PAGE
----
Datonomy talks to Harry Taylor of Harry Taylor Consulting Ltd, an independent consulting actuary and management consultant with over 30 years commercial experience of insurance, pensions, investment and banking, about the FSA and data security:
It is clear the FSA are taking a tougher line on regulatory breaches with higher and more punishing fines.
As long ago as March 2009 the Financial Times reported on comments by FSA Chief Executive Hector Sants responding to accusations that the FSA has not been sufficiently tough on insider trading and other financial crimes. Mr Sants said: “There is a view that people are not frightened of the FSA. I can assure you that this is a view I am determined to correct. People should be very frightened of the FSA.” His comments came after the FSA faced heavy criticism for its scrutiny of banks and other financial institutions during the boom. Under the principles-based approach that influenced regulation around the globe, the FSA set broad guidelines for financial standards, believing that they would cover more than a handbook of specific rules.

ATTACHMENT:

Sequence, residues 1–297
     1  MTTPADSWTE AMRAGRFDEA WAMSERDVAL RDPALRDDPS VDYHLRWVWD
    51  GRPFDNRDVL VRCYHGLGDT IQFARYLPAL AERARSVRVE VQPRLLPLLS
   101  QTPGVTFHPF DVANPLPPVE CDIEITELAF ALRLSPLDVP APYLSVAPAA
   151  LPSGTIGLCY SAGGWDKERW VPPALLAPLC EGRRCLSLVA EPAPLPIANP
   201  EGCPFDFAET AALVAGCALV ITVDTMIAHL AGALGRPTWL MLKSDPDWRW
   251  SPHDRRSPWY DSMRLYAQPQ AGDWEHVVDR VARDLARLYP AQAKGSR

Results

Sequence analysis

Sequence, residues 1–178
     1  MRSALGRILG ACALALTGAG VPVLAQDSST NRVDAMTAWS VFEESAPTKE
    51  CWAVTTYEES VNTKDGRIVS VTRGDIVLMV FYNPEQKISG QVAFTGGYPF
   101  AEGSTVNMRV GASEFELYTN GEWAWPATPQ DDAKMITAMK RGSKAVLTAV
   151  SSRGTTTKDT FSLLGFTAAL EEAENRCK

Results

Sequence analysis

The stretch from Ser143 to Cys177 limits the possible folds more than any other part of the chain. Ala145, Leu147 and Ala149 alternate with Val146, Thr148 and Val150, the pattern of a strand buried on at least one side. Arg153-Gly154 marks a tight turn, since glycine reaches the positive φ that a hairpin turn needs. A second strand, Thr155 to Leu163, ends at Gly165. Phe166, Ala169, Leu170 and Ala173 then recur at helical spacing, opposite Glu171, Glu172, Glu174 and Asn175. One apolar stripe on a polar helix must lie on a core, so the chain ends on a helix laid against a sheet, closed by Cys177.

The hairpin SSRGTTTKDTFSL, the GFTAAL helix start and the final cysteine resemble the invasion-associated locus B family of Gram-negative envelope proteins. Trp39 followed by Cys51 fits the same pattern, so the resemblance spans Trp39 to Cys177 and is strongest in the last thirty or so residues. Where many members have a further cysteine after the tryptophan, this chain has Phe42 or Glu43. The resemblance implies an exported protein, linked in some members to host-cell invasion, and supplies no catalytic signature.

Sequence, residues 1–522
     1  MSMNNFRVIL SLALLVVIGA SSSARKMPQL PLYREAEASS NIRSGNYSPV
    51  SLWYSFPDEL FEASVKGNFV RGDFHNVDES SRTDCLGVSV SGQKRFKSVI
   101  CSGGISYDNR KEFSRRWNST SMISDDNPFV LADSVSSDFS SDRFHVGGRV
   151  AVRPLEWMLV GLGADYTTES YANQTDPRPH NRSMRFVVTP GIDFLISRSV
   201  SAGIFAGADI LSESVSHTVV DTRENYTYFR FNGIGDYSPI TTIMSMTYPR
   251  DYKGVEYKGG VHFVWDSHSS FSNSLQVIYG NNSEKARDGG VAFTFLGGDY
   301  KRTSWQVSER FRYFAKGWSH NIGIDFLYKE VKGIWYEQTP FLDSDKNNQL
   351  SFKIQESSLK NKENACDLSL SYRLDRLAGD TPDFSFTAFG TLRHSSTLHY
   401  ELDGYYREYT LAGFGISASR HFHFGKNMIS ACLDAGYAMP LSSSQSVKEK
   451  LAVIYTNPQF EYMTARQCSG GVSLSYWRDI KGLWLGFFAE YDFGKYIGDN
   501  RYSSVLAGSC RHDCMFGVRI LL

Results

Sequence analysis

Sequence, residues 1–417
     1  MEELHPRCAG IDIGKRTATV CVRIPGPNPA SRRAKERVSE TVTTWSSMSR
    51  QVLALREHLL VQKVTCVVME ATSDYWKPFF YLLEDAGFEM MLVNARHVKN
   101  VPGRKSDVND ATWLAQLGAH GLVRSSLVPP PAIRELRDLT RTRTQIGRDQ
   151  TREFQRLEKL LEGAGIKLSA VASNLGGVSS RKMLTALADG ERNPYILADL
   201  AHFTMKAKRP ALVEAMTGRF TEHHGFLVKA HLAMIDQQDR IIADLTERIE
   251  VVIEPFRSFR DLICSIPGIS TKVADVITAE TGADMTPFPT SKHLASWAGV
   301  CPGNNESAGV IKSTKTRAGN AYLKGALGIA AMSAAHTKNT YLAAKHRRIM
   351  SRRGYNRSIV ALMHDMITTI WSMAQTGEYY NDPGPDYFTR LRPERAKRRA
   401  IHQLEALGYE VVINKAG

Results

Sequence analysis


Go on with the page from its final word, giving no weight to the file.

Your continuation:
So how will this new tougher approach emerge in practice? Obviously more intrusive scrutiny and challenge is here for certain for regulated firms. But what of the future approach to the ensuing FSA fines for regulatory breach?
It has been suggested that fines may include clawing back a proportion of any ‘extra profits’ arising in the firm which are attributable to the rules breach. So for example this could remove bumper profits gained by overly aggressive and inappropriate sales of a high margin retail financial product.
The natural extension of this line of thinking is even more interesting to consider.
Let us suppose that future fines include a portion of any costs saved by a firm choosing not to put in place appropriate risk control mechanisms which subsequently are shown to contribute to a rules breach. After all, saving costs also has a direct impact on bottom line profit.
Bluntly, any firm which is saving money short term by not implementing a set of recommended data security improvement measures may just end up paying double when things go ‘pear shaped’. A false economy and a bit like gambling ‘double or quits’ which is always a risky strategy!